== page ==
Modern sows are having more piglets than ever, and feeding those larger litters results in higher body temperatures. Air conditioning farrowing houses isn’t feasible, but Purdue University researchers have a solution: personal pig cooling pads.
“With increased litter size, sows increase milk production, and they have to eat more feed to produce that milk,” said Allan Schinckel, professor in the Department of Animal Sciences. “That increases body temperature. Modern sows produce 55 to 70 percent more heat than sows of the early 1980s.”
Fans can only do so much to cool farrowing houses during hot summers, so sows pant to reduce their body temperature. Doing so, however, burns calories needed to produce milk for the litter.
“In high humidity, panting employs evaporative cooling in the lungs to reduce body temperature,” Schinckel said. “But when it’s really hot and humid, even panting doesn’t help.”
The cooling pads, developed by Schinckel and Robert Stwalley, assistant professor in the Department of Agricultural and Biological Engineering, are 2-foot-by-4-foot aluminum tread plates on top of copper pipes that circulate water. Since there is only room for the sow on the pad, piglets that need to stay warm are off the edge while they feed. Sensors in the pad can determine if the sow is getting too hot and circulate new water, cooling the pad again.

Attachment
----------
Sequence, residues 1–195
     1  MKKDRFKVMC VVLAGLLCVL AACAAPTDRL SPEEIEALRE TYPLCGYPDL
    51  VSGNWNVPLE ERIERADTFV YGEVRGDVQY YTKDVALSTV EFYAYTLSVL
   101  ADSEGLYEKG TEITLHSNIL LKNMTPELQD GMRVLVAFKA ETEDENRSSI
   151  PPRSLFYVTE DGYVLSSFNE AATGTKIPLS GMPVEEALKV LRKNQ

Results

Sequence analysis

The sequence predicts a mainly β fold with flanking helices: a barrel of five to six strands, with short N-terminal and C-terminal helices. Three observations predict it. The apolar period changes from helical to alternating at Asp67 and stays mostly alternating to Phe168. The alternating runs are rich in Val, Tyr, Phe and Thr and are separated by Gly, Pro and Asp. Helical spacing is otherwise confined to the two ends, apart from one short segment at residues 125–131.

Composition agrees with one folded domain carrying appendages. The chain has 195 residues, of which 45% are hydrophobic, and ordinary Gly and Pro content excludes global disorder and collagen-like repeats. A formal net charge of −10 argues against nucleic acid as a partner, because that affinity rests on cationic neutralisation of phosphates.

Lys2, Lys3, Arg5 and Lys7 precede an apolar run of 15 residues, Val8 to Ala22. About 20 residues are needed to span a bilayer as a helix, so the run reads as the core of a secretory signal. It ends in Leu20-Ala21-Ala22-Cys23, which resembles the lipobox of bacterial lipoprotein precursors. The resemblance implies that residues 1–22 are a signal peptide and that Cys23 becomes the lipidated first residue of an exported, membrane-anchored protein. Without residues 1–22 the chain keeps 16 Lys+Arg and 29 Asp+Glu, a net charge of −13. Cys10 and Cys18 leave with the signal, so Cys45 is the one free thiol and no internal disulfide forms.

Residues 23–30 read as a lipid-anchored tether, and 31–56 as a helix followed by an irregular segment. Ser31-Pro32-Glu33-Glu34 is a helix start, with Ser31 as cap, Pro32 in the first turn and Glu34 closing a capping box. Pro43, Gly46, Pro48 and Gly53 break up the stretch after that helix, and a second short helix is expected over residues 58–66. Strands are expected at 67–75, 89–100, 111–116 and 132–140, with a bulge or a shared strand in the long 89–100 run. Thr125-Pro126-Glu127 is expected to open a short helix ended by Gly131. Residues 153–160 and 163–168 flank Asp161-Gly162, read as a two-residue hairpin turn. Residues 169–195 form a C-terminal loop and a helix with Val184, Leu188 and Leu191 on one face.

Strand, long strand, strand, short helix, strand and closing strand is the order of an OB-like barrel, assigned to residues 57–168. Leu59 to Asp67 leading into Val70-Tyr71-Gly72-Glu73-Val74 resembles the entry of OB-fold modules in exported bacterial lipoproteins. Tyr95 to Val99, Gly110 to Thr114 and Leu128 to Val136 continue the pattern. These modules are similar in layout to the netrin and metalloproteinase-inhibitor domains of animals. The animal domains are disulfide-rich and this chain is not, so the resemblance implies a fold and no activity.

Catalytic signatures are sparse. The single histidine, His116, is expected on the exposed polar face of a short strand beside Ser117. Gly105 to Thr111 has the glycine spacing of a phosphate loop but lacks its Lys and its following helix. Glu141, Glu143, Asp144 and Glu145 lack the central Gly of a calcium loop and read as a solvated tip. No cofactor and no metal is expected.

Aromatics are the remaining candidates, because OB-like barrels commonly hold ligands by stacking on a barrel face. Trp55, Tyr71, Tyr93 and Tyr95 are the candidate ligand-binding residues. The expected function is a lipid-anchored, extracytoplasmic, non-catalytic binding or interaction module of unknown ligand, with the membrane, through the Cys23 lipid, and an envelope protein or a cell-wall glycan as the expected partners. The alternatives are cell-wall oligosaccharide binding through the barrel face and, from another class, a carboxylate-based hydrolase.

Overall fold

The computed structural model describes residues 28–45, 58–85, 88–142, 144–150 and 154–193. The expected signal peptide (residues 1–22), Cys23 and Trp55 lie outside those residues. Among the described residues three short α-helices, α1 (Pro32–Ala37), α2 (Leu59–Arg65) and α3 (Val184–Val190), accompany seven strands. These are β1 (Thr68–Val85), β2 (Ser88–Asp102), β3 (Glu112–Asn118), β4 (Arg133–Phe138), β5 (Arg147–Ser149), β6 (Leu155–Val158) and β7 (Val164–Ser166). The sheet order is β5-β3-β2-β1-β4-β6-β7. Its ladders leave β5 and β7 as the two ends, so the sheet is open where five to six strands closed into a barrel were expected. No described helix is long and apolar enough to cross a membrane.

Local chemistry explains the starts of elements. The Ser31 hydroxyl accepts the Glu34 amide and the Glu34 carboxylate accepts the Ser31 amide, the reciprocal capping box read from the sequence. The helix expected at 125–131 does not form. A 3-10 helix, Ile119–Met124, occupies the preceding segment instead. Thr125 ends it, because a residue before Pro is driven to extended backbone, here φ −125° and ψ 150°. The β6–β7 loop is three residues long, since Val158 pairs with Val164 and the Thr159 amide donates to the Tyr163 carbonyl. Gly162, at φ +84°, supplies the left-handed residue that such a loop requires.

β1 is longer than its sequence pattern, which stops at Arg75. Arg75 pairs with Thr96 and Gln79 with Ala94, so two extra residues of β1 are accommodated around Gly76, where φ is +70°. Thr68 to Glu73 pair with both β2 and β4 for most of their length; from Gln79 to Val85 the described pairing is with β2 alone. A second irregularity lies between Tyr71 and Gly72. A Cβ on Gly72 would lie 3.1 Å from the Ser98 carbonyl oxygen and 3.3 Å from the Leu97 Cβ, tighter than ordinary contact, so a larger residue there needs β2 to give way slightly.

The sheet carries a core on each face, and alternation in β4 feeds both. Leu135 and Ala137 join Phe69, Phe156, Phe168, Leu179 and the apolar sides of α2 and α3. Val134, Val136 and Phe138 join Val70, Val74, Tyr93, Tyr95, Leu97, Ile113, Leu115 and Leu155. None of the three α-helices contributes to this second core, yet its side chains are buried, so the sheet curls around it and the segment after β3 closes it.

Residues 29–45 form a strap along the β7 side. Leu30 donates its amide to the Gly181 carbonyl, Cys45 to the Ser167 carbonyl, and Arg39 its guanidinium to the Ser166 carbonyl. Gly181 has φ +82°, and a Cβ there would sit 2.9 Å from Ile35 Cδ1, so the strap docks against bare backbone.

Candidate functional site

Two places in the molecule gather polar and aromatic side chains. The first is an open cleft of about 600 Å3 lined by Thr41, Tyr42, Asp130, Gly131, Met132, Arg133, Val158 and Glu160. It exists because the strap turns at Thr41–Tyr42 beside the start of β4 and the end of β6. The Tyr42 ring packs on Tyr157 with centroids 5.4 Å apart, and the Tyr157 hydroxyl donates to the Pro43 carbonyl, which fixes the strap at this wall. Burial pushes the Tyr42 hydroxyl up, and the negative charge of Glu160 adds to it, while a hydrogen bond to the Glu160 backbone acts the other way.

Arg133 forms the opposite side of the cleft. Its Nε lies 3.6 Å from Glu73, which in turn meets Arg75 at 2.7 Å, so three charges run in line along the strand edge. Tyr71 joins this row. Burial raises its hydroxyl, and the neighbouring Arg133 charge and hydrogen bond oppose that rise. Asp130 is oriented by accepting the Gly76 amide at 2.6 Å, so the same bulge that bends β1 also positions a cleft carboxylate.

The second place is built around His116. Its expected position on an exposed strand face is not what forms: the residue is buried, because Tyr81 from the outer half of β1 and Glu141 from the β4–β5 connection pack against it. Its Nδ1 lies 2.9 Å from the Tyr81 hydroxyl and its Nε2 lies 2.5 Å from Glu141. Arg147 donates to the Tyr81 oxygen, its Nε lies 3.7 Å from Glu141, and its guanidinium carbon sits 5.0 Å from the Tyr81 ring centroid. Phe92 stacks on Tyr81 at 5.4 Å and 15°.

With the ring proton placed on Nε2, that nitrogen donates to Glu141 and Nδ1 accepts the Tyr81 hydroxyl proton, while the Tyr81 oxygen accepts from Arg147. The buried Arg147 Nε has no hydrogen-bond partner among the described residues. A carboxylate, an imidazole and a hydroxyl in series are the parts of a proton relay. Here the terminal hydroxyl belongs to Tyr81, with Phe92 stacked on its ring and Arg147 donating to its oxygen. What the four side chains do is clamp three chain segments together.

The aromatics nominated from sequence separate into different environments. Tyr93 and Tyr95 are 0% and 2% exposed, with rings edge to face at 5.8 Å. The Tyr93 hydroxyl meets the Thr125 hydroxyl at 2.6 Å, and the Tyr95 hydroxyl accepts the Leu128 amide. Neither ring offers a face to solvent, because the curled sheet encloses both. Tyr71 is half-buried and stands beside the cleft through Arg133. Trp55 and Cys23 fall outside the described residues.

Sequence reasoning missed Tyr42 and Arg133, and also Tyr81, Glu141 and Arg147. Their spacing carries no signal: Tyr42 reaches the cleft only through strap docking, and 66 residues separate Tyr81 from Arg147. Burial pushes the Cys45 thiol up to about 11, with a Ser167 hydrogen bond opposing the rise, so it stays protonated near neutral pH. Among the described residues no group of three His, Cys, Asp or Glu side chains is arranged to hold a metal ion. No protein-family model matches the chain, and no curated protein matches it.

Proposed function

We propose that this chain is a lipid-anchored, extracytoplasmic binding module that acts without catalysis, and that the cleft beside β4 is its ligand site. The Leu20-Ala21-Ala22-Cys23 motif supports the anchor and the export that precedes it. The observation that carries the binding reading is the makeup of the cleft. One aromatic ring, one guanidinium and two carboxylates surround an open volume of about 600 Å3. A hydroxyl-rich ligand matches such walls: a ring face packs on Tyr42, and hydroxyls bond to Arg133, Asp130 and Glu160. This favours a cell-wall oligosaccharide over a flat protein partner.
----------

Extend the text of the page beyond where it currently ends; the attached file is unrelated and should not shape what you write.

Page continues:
“We have to keep the barns in certain conditions for the piglets or just from an environmental energy standpoint. We can’t air condition pig barns,” Stwalley said. “But we can provide a conductive path under the pad that is enough to cool the animal, but isn’t economically or environmentally counterproductive.”
Systems that cool entire barn floors can be expensive, requiring entirely new floors. And those systems can take days to cool an entire floor. The cooling pads take minutes to bring down the body temperature of a pig.
“It’s much more efficient than competitive systems out there that might be trying to cool entire floors,” Stwalley said.
In tests up to 95 degrees Fahrenheit, sow respiration dropped from 100 to 120 breaths per minute to 26.
“We are cooling the sows down so that they’re far more comfortable,” Stwalley said.
Stwalley, Schinckel and their students have published 10 papers on sow lactation heat production, feed intake and the technology, with more to come. Future studies will include using a calorimeter to determine how much energy is used for panting, other responses to heat stress and the extent to which lactation feed efficiency can be improved by reducing the need for the heat stress responses.
They’re also working to find an industry partner to license the technology and produce it for sale to farmers.
A selection of papers can be found at these links: